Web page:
<v Rosalie>important. Another thing I wanted to say was that sometimes we think because parents do <v Rosalie>not come to schools, that they do not care. <v Rosalie>A lot of our parents cannot come to school, they're working. <v Rosalie>They have other things that they are obligated to do. <v Rosalie>And maybe they need advocates such as you and I, who can then speak on their behalf and <v Rosalie>be there for them on behalf of their kids. <v Rosalie>I do understand the importance of parents because I know that somehow when teachers <v Rosalie>see parents there, they are more likely to treat those kids a little differently, better <v Rosalie>than when parents are not there. <v Rosalie>And so perhaps we need to be advocates on behalf of those parents who cannot be there <v Rosalie>as opposed to say they don't care. <v Rosalie>We should, you know, they don't wa- they don't love their kids and all those things that <v Rosalie>we often put on our children. <v Tom Spencer>Rosalie, something that you said makes me think about a couple of different issues and <v Tom Spencer>it- you're talking about respect for diversity, and I was thinking about <v Tom Spencer>um teaching values in schools. <v Tom Spencer>And we know how explosive the i- the notion is of- of mentioning values <v Tom Spencer>and trying to teach values in schools.
<v Tom Spencer>But recently I- I read a book about Japanese educational system and in every <v Tom Spencer>class what they underscore is the im- the im-, you know, the importance of that <v Tom Spencer>individual's contribution to the group. <v Tom Spencer>In fact, that's the ut- the primary lesson in a lot of the classes and a lot of the <v Tom Spencer>academics come after-hours actually in catch-up classes. <v Tom Spencer>But it's your responsibility to your society in a certain ?hall?. <v Tom Spencer>Well that may not suit Americans very well, but it would seem to me that if we were going <v Tom Spencer>to talk about teaching values in schools and a lot of people are urging that we do that <v Tom Spencer>in one way or the other, what is more American than <v Tom Spencer>to perhaps teach the value of respect for diversity? <v Tom Spencer>If we can't agree that you should be teaching this particular value, at least we can <v Tom Spencer>teach the value of respect for the differences that exist <v Tom Spencer>in this particular nation. <v Rosalie>Well, I really think that a lot of times teachers and other people are not comfortable. <v Rosalie>I think that's what was already said. <v Rosalie>And so as we become more aware of the fact of our own prejudices and biases, <v Rosalie>of our own baggages that we bring to this arena, and then we can then deal with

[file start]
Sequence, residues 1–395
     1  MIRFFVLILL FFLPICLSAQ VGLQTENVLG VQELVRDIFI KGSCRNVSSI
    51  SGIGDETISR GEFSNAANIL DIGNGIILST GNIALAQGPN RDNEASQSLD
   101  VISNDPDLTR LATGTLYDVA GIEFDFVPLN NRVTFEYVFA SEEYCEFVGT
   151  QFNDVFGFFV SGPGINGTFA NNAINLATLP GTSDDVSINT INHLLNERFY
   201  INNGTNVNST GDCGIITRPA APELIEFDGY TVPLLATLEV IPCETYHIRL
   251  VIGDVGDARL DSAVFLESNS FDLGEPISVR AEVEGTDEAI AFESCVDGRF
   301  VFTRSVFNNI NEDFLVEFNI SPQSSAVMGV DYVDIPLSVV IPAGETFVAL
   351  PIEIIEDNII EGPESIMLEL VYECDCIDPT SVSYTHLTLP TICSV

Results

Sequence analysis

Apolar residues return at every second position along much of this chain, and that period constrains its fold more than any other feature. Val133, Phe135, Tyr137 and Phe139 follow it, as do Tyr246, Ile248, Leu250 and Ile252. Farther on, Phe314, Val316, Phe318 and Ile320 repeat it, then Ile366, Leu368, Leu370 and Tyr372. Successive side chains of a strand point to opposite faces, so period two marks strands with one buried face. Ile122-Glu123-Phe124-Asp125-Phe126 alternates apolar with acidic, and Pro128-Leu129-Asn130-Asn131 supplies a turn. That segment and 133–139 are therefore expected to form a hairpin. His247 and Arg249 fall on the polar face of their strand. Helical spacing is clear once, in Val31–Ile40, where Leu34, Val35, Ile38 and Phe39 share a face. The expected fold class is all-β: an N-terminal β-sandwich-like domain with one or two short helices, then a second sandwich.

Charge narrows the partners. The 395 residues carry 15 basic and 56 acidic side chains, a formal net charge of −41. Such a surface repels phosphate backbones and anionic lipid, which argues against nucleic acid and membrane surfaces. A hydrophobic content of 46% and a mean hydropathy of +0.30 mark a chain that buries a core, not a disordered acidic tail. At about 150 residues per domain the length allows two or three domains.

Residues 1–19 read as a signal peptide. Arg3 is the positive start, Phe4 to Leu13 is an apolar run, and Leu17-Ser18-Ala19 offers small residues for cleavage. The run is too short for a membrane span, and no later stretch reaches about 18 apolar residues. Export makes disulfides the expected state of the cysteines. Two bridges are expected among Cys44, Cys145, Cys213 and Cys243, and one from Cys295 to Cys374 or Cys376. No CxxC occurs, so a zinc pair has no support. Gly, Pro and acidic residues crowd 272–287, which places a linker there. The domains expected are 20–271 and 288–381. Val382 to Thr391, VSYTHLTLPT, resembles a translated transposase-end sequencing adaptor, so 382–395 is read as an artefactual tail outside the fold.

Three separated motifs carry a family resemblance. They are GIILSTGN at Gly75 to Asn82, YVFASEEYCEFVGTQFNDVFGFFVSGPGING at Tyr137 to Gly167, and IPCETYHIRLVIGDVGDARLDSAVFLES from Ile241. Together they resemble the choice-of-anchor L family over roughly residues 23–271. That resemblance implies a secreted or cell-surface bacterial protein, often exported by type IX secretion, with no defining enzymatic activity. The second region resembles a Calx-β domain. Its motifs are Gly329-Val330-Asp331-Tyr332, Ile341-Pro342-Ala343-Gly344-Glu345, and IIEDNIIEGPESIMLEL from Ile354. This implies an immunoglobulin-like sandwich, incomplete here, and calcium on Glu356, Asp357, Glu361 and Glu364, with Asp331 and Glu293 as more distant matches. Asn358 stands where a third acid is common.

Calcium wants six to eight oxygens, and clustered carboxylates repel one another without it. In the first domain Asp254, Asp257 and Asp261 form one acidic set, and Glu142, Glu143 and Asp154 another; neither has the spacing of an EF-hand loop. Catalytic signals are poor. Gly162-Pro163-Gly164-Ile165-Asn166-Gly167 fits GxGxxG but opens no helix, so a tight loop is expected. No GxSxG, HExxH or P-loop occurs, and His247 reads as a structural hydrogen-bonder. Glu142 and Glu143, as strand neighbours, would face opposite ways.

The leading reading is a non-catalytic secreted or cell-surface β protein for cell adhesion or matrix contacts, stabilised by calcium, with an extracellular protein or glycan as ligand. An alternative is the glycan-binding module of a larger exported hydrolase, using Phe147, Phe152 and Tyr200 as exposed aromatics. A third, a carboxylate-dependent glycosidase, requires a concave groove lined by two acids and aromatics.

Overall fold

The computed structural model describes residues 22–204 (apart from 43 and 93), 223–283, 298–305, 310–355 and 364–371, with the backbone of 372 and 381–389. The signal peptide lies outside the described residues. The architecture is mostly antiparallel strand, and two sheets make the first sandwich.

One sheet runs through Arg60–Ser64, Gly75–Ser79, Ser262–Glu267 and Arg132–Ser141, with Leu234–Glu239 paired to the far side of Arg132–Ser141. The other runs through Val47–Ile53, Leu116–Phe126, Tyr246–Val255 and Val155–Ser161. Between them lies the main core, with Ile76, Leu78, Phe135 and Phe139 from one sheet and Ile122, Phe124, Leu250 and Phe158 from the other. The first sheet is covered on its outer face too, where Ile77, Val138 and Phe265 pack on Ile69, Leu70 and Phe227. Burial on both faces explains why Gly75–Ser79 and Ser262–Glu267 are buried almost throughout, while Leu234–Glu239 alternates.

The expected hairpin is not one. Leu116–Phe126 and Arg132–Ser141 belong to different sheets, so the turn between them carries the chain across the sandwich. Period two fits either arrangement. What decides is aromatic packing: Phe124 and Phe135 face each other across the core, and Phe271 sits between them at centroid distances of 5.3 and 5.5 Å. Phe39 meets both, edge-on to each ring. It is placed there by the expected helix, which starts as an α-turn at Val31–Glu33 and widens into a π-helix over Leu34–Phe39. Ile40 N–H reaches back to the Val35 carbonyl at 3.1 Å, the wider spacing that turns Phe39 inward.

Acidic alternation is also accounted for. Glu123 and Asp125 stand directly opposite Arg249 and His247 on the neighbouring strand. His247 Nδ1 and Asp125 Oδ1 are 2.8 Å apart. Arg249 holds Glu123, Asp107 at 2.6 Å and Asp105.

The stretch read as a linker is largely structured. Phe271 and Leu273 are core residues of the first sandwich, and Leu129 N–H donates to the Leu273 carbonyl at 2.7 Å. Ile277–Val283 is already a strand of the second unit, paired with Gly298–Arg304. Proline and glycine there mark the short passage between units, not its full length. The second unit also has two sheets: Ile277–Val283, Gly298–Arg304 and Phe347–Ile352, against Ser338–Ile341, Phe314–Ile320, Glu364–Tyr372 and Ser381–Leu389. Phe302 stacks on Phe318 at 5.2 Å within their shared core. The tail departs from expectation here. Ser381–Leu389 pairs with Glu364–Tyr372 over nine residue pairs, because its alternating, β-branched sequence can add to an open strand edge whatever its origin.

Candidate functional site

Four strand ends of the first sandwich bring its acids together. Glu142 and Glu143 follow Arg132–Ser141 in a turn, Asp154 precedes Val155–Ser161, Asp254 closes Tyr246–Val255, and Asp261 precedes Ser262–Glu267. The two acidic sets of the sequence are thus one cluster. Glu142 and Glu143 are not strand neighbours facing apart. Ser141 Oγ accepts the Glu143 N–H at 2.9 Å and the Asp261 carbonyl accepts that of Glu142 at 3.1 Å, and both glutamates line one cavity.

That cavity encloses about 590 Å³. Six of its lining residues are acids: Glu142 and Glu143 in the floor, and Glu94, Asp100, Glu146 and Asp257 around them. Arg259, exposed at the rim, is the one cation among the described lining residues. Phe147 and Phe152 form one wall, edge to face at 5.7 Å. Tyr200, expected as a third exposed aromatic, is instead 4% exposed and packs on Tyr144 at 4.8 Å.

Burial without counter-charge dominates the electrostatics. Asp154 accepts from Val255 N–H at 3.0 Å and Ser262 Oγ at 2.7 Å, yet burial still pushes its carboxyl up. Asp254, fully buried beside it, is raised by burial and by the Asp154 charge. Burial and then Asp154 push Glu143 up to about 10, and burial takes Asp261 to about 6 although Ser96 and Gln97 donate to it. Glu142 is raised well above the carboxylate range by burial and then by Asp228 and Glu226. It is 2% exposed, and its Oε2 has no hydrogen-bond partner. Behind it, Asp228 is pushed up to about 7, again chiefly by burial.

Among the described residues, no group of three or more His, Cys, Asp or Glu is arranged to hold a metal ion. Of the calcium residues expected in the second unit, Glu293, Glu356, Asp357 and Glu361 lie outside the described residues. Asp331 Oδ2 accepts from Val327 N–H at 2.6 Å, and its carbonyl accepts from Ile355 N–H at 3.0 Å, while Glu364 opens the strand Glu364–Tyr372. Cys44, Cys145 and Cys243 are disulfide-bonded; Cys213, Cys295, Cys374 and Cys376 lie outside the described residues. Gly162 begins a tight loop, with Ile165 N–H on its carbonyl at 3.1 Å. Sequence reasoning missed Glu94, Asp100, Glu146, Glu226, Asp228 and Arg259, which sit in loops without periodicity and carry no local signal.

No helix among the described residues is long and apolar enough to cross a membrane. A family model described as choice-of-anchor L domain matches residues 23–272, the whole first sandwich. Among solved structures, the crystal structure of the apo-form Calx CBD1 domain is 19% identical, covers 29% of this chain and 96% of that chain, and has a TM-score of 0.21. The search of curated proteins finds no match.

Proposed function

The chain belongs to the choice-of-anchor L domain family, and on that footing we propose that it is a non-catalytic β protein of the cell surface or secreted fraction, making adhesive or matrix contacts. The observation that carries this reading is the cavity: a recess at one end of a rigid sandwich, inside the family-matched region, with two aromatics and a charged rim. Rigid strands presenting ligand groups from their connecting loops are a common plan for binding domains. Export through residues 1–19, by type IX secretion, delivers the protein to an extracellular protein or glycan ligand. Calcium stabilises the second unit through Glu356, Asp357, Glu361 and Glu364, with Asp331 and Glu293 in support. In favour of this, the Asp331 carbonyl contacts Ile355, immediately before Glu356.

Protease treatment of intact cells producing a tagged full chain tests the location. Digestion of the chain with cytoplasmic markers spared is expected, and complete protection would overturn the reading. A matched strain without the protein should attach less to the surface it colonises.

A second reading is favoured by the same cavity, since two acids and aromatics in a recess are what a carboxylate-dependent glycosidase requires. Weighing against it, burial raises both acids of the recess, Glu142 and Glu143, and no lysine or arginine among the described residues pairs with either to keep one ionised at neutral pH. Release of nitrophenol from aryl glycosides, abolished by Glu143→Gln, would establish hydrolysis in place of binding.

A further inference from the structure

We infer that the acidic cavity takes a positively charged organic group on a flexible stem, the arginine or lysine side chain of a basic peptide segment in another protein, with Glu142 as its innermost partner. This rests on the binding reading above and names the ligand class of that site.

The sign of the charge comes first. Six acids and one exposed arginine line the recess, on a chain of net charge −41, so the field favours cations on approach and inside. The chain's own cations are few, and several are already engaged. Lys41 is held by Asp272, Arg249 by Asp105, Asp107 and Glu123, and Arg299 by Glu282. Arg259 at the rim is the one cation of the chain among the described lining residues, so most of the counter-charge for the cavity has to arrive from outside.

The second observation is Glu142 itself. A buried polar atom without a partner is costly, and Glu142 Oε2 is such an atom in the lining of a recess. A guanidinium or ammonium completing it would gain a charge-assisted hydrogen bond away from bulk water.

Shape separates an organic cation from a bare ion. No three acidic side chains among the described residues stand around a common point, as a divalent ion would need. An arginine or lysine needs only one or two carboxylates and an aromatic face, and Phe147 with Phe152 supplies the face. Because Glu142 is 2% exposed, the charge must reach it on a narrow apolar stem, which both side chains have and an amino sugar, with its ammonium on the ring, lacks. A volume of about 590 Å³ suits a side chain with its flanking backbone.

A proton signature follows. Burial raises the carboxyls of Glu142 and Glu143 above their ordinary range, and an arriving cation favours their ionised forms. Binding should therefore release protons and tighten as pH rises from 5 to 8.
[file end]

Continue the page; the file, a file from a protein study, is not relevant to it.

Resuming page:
<v Rosalie>what's in front of us. But you can't do that if you gonna live in denial, that I'm not <v Rosalie>prejudice, or racism doesn't exist, that we don't treat people differently <v Rosalie>as long as we say, oh, everyone is equal in words only. <v Rosalie>But the way we treat them really indicate that they're not o- not only are they not <v Rosalie>equal, but they are second-class citizens. <v Rosalie>And so we have to really deal with that front right on, right on. <v Tom Spencer>Well, we have a number of other folks who want to get involved. <v Tom Spencer>Folks at home, uh if you're waiting on line right now and you can hear me, please go <v Tom Spencer>ahead and ask your question. <v Caller 3>Well, I guess it's a combination of a question and a statement. <v Caller 3>Uh cultural diversity is something that I think America should be proud of, and <v Caller 3>we should realize that it's cheaper to educate our youngsters than to incarcerate <v Caller 3>a youngster. <v Caller 3>Uh the last time I looked at the figures, they were, uh it was 5 or 6 <v Caller 3>or maybe 10 times more expensive to <v Caller 3>incarcerate an individual than to educate this person, so this person could go into <v Caller 3>the workfur- force and be a productive individual in society.